17 Jun What causes bowel cancer?
Bowel cancer is the third most common form of cancer in Australia. So what causes bowel cancer, why is it so prevalent and what can we do about it?
Also called colorectal cancer, it’s prevalence is beaten only by breast cancer (for women) and prostate cancer (for men), with over 16,000 new cases estimated to be diagnosed this year. Current health data shows that the relative risk of developing bowel cancer by your 85th birthday is currently at 1 in 14 (1 in 12 for men and 1 in 17 for women). The good news is that making changes to your lifestyle, like exercising regularly, can reduce your risk.
Symptoms to look out for
Like many cancers, the success of treatment and long-term survival improves dramatically when it’s detected early. There are a range of symptoms that can indicate the presence of bowel cancer. It’s important to note that not all people experience the following symptoms when they have bowel cancer. Having these symptoms also doesn’t necessarily mean you have cancer, but if you do experience them, please see your doctor. Symptoms can include:
- Any type of bleeding from your rectum or blood in your stools
- A change in usual bowel movements (i.e. suddenly constipated or diarrhoea)
- Abdominal pain or bloating
- Weight loss for no apparent reason or loss of appetite
- Unexplained weakness, tiredness or breathlessness
What causes bowel cancer?
While the risk of bowel cancer greatly increases with age (particularly over 50 years), but you’re never too young. Therefore, everyone should be aware of the risk factors that can increase your likelihood of developing bowel cancer. These include:
- A previous history of inflammatory bowel such as irritable bowel and Crohn’s Disease.
- A previous history of polyps
- A family history of bowel cancer
- Excess body fat (or obesity)
- Physically inactive
- High intake of certain foods such as processed and red meat
- High alcohol consumption
- Some gene mutations
Bowel cancer and exercise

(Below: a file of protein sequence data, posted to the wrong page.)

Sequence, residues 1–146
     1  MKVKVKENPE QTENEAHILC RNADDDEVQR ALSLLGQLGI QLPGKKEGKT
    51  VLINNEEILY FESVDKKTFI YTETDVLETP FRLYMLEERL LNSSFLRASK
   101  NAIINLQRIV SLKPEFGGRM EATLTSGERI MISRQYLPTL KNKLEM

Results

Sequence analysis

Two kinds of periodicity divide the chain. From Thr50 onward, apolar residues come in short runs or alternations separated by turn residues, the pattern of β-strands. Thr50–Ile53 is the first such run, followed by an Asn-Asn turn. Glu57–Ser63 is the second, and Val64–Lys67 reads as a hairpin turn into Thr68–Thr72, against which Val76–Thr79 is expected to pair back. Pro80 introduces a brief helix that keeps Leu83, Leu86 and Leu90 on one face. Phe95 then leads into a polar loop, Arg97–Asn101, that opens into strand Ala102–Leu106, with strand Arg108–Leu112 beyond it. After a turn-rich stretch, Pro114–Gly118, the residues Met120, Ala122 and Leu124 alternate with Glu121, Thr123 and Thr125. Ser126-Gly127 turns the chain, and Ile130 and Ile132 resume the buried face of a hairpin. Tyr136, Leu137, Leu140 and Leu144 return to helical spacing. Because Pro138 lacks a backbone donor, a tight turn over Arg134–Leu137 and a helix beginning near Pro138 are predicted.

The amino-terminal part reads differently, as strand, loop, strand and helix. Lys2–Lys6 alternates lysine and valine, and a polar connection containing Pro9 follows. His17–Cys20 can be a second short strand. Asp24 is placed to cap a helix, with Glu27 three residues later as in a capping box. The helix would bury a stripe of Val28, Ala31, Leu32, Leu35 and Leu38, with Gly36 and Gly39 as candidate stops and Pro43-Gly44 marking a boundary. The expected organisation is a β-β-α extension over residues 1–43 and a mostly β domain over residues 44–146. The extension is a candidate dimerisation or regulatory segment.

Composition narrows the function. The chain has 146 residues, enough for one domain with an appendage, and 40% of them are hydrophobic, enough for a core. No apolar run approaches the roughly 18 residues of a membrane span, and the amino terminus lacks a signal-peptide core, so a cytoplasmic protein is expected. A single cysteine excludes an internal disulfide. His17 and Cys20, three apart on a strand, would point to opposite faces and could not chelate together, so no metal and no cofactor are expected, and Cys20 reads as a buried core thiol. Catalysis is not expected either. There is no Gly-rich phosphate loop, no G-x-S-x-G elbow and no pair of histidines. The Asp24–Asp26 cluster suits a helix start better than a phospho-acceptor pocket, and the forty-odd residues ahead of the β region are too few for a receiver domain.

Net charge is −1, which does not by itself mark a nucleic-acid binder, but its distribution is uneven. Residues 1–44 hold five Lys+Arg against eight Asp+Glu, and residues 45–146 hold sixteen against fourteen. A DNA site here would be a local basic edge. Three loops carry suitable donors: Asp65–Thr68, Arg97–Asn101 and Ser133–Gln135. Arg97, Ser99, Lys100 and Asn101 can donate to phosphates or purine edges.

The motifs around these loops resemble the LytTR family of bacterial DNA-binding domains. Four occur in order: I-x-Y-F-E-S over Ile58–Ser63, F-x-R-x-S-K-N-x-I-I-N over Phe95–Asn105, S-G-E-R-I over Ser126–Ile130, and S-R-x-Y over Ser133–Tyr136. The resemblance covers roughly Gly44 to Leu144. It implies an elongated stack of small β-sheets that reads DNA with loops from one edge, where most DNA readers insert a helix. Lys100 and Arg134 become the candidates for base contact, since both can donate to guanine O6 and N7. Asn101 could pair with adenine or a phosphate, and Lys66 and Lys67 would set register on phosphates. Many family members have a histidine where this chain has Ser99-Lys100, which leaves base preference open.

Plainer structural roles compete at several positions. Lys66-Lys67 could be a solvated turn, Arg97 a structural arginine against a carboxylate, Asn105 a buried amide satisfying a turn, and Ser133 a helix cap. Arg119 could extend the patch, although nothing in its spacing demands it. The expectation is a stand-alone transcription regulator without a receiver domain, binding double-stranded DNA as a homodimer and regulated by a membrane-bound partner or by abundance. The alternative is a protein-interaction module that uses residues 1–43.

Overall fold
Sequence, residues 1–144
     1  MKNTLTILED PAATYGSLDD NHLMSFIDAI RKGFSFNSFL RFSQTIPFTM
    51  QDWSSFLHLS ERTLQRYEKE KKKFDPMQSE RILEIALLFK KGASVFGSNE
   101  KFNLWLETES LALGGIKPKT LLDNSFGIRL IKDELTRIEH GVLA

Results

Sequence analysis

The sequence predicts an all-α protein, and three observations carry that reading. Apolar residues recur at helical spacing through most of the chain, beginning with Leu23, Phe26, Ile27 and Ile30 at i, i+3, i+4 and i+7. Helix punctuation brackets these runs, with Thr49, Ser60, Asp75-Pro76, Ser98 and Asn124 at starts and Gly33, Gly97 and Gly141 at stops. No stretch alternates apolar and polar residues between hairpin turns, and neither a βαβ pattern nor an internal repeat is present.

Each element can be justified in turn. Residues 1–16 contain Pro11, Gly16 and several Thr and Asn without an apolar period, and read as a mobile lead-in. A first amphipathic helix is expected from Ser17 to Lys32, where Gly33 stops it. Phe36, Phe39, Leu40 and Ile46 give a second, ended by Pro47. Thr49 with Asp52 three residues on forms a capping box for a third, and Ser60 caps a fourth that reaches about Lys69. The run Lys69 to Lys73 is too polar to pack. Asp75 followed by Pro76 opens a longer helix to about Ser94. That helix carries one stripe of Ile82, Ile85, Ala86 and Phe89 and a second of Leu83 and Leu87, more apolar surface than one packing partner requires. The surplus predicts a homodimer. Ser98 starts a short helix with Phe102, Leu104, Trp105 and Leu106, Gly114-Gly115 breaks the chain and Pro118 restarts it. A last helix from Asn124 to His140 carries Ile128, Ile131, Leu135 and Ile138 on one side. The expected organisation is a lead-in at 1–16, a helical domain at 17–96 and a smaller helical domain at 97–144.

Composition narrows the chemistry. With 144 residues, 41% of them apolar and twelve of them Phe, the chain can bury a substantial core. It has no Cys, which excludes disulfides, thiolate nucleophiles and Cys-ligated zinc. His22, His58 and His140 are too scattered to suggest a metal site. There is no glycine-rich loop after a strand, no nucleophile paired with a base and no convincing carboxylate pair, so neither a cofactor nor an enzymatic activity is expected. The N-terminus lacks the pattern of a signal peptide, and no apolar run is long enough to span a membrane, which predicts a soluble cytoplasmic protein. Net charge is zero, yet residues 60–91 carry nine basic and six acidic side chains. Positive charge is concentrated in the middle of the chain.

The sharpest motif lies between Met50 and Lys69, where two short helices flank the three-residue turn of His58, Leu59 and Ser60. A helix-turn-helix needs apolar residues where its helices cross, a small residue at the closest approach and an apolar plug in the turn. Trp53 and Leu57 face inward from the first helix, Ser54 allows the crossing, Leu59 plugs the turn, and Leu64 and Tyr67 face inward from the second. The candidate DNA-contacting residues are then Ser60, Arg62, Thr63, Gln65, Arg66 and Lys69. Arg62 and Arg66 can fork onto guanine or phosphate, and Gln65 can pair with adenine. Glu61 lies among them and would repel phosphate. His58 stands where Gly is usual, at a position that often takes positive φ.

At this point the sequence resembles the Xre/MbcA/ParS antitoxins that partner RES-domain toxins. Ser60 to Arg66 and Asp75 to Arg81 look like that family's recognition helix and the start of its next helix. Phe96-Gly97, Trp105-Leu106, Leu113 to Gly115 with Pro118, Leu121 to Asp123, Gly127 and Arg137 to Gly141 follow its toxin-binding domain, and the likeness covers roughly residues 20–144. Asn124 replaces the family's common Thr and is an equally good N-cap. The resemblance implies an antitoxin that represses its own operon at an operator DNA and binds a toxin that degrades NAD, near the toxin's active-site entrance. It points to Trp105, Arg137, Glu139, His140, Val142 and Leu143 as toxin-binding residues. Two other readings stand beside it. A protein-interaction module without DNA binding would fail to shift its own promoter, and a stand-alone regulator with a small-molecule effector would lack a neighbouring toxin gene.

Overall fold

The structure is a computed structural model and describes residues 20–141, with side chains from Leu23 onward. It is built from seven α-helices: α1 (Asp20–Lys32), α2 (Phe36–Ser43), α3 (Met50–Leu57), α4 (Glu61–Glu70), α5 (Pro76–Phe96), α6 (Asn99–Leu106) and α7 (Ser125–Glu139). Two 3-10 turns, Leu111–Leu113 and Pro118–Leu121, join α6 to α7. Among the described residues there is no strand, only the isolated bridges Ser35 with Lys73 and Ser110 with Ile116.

There is strong evidence that shows moderate to high levels of exercise or physical activity can significantly reduce your risk of developing bowel cancer. Studies show that exercise protects you by maintaining healthy body fat levels, regulating insulin and inflammation, and aiding digestion.
Recently, with the discovery of the microbiome, exercise has also been shown to help improve gut health by improving biodiversity and ratios of Bacteroidetes to Firmicutes (good and bad bacteria respectively) in our gut. It does this by reducing pathogens that have been linked to inflammatory disorders and bowel cancer by increasing mucosal immunity and improve barrier functions.
I want to start exercising but don’t know how
When starting out, it’s best to keep things simple. Focus on developing a habit of exercising for the rest of your life rather than trying to reach a certain weight or dress size. Set small weekly goals to help you and remember to celebrate your successes (with a pat on the back, massage or new exercise gear, not ice-cream!). Goals could be as simple as parking your car 10 minutes away from work or school each week day. Once you’ve completed this for 1-2 weeks, try adding in taking the stairs or a 20 minute walk at lunch time.
If you’re really finding it hard to get started, work with a professional. Exercise Physiologists are specifically trained to help you achieve a healthy lifestyle and can support you every step of the way.
Written by Phoebe Roberts, Exercise Physiologist